Cover StoryTaxation of theplatform-based economyAs economies shift into intangibles as drivers of economic value, is the present global taxsystem fit for purpose? Dr Jag Kundi, a Hong Kong–based scholar-practitioner active inthe FinTech space, looks at the role that blockchain can play in improving and upgradingthe global tax system.June 2020 06

Cover StoryThis article will consider how taxationon digital economies is limited in itsscope, effectiveness and collectability. Thislast point of collectability is a real threatto governments around the world as thedigital economy knows no borders orsovereign territories. There are big impactson an economy if tax is not collectedcorrectly. These risks would cover: loss of revenue for governmentexpenditure impacting on reducedpublic services delayed interest payments ongovernment bonds, which couldmake sale and holding of governmentbonds less attractive, and depreciation of the national currencythereby impacting international trade.The role of the blockchain will alsobe considered as a way of potentiallyimproving and upgrading the tax system.Is the present tax system fit forpurpose?In today’s world, taxes may be consideredas a necessary requirement for anycivilised society to function. Originallythis was not the case. Tax was used asa ‘temporary’ means by governmentto finance war. Every war from ancienttimes to today was paid for by some kindof tax, from the time of Alexander theGreat to the American Revolution. Youcould argue that if you want to end war,end taxes!Tax is one area that impacts us all. Thefamous quotation ‘Nothing can be saidto be certain, except death and taxes’attributed to Benjamin Franklin in 1789actually has its roots earlier in The Cobblerof Preston by Christopher Bullock (1716)who wrote ‘Tis impossible to be sure ofanything but death and taxes’.Taxation in a ‘bricks and mortar’ basedeconomy is relatively simple. The physicalpresence or permanent establishment testwould be applied and the tax calculated.As a local citizen, individual or corporate,being physically located within a definedterritory would be the basis for calculatingtax – this became known as a territorialbased tax system, that is, one in which agovernment would usually only tax incomeearned in that territory. Gibraltar, HongKong, Singapore and Macau are examplesof territorial-based tax systems.An alternative taxation system called‘worldwide taxation’ simply aggregates allincome, regardless of where earned, andtaxes it as one lump sum. The US is anexample of a worldwide taxation system.The pros and cons of either system are notthe focus of this article, as both dependon the physical location of the individualor corporation for the basis of their initialtax assessment.This approach worked well for the taxationof tangible assets and physical goodswithin physical borders as indicators ofeconomic value – who owes/owns what. Aslong as the underlying assets were tangible,that is observable and measurable, it wasperfect for tax authorities to use this asthe basis for financial record-keeping andthereafter for tax assessment.Consider the industry developmenttimeline below (see Figure 1) and seehow the time periods between eachsuccessive period of industrialisationare being squeezed. The whole pace hasquickened dramatically with the shiftto a digital world where the offlineworld is now becoming more and moreconnected online. Originally the processwas evolutionary in nature taking, time forprogression; today it is more revolutionaryin nature, due to rapid and disruptivechange. The digital world has impacted/disrupted nearly every industry frommedia, communication, entertainment,education, finance and logistics. Todayphysical reality is being displaced by virtualreality and augmented reality.Industry 4.0 has a host of enablingtechnologies that promises to usherin a golden era in the digitisation ofmanufacturing. Enabling technologiesinclude: Internet of Things (IoT) cloud computingHighlights the old model of investing in tangible assets (plant, property and equipment) isquickly being replaced with the concept of being lean, agile and ‘asset-light’ rather than fight the digital economy, government could turn to technology asan ally to improve the tax system when the financial details of every transaction become traceable, theownership of assets and money can be easily determined and tax due thereoneasily and automatically calculatedJune 2020 07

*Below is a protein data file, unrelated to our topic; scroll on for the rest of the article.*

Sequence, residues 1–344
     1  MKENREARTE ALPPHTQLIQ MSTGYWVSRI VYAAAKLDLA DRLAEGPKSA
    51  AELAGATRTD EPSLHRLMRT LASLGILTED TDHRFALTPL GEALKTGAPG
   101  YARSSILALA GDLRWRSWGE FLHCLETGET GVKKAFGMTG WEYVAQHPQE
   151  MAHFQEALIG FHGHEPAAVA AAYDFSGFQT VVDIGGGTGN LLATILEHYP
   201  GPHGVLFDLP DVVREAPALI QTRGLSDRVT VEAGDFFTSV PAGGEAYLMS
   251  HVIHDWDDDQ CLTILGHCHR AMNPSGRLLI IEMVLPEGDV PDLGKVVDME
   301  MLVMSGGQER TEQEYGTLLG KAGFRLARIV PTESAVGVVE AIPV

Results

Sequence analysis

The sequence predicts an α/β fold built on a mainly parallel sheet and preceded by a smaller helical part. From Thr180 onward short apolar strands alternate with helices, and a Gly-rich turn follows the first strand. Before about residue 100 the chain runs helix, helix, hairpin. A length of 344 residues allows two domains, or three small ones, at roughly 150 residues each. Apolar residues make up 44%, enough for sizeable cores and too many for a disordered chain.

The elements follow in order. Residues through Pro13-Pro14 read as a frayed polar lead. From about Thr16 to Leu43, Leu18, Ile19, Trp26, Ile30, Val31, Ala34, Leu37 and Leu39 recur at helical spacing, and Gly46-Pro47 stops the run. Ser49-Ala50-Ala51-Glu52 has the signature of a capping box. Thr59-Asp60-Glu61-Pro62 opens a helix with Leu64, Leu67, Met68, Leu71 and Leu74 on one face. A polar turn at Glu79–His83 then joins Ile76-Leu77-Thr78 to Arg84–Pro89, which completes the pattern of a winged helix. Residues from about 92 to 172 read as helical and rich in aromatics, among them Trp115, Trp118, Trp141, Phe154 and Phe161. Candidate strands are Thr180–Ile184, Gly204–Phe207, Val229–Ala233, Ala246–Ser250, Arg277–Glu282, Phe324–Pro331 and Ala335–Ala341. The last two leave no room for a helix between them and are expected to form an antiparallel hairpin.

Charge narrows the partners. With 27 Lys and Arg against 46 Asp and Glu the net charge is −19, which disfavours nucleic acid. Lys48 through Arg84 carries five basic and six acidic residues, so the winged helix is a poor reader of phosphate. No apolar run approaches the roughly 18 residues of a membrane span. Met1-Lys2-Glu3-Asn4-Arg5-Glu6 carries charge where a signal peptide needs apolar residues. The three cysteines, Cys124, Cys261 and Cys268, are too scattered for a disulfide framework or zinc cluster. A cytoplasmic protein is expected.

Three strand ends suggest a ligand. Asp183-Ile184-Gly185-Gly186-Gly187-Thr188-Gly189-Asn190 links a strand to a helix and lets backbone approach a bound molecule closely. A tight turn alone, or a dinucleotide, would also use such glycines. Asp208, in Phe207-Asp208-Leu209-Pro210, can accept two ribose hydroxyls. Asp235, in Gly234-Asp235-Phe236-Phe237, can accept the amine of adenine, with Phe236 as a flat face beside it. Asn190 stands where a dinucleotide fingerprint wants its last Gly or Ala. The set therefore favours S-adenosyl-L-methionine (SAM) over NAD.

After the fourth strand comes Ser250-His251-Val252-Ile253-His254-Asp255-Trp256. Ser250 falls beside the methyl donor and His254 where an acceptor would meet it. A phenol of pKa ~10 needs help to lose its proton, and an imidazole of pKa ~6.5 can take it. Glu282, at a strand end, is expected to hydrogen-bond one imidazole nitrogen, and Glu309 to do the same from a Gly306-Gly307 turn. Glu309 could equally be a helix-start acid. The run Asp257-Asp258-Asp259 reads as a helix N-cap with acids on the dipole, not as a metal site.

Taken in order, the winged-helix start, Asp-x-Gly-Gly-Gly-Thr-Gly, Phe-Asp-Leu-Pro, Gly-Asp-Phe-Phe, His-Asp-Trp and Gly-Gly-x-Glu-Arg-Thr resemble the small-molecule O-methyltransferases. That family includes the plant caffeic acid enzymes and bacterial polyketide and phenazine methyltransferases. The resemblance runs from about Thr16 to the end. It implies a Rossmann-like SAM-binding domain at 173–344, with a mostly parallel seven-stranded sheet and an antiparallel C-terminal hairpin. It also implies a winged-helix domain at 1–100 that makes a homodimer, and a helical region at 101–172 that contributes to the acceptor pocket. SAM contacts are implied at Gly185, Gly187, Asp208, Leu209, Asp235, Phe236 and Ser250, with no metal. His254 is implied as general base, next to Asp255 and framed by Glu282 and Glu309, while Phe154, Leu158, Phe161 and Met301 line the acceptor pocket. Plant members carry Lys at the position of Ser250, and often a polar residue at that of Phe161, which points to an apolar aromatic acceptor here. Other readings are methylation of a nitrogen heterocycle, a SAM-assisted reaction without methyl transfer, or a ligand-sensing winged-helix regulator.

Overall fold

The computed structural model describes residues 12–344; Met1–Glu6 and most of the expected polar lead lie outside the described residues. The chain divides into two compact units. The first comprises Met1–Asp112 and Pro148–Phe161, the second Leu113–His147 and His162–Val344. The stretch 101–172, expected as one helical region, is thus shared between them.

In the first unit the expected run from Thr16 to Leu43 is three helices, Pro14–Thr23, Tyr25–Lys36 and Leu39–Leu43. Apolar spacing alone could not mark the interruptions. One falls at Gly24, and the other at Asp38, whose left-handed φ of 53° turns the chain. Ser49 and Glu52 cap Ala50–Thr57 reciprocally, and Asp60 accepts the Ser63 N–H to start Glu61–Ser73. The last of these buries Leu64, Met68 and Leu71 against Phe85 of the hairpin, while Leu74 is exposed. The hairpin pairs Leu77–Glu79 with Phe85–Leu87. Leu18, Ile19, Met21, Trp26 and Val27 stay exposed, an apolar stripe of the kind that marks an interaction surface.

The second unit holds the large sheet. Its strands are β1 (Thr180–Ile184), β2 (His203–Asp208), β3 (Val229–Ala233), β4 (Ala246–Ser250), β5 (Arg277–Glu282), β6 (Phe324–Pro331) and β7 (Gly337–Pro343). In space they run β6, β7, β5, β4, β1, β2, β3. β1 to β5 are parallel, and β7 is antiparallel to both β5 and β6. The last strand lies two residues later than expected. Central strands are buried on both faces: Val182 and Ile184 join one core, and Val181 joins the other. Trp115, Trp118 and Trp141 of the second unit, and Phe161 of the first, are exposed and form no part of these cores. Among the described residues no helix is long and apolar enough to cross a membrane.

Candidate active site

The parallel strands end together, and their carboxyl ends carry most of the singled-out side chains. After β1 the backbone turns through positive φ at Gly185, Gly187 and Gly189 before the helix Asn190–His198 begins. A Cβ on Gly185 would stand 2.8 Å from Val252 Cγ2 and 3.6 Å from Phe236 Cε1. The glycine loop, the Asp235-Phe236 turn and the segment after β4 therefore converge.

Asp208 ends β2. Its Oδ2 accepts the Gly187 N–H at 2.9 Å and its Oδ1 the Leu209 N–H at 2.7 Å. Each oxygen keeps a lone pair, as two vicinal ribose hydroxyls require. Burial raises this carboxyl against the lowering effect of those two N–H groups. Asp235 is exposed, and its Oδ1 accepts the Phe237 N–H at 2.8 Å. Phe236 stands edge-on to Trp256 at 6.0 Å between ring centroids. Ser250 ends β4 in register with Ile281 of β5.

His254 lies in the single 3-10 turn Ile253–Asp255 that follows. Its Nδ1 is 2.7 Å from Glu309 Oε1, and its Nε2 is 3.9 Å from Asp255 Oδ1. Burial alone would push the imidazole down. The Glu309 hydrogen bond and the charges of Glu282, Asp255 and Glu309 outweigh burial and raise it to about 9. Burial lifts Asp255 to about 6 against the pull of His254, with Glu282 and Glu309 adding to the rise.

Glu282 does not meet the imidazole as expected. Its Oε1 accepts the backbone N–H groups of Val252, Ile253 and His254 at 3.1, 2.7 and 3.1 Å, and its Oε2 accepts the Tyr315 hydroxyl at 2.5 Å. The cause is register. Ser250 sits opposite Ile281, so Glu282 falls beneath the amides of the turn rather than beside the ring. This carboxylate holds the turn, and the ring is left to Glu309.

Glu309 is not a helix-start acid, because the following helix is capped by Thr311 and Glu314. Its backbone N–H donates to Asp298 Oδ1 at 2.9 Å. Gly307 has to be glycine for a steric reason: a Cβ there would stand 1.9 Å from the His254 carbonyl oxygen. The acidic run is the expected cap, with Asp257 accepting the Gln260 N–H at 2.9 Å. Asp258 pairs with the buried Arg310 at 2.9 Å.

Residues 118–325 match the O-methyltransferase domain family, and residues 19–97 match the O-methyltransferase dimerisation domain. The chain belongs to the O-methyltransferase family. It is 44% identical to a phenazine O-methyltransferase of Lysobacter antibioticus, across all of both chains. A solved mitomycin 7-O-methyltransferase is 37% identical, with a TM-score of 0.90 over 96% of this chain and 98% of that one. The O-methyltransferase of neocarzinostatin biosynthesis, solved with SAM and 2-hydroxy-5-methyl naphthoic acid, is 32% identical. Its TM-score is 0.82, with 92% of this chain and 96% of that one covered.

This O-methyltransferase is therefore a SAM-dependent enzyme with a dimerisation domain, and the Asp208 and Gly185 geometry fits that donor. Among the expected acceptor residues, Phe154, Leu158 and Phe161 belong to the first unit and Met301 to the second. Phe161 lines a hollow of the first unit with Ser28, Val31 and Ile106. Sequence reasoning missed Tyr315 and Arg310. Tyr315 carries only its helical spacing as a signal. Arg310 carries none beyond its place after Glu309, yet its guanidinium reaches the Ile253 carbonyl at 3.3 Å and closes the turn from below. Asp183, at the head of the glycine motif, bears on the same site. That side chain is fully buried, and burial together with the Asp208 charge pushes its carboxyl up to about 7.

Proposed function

Cover StoryFigure 1: Industry development timlineIndustry 1.0MechanisationIndustry 2.0Mass productionIndustry 3.0Robotics &electronicsIndustry 4.0Smart factories,IoT, AI & MLLate 18th centuryEarly 20th centuryLate 20th centuryEarly 21th century artificial intelligence (AI) and machinelearning (ML) data analytics, and advanced smart robotics.Industry 4.0 will take what was startedin Industry 3.0 with the adoption ofcomputers and automation, and enhancethis with smart and autonomous systemsfueled by big data and machine learning– all intangible. As everything is beingdone faster, cheaper and at scale, thesetechnological innovations are drivingmarginal costs to near zero, making goodsand services priceless, nearly free andabundant and no longer subject tomarket forces.The challenge here for national taxsystems will be based on a numberof factors: absence of physical presence strong dependence on intangibleassets In the 21st century, value is beingdefined, created and shared across digitalplatforms and much of this value isintangible in nature – such as big data.As part of their digitalisation, companieshave been quick to transform part or allof their business operations to a platformwhere the exchange of value can be donewith less friction. The platform-based economyAs the tech consultancy firm Applico(ww

The Hong Kong Institute of Chartered Secretaries (Incorporated in Hong Kong with limited liability by guarantee) 3/F, Hong Kong Diamond Exchange Building, 8 Duddell Street, Central, Hong Kong Tel: (852) 2881 6177 Fax: (852) 2881 5050 Email: [email protected] (general) [email protected] (professional development)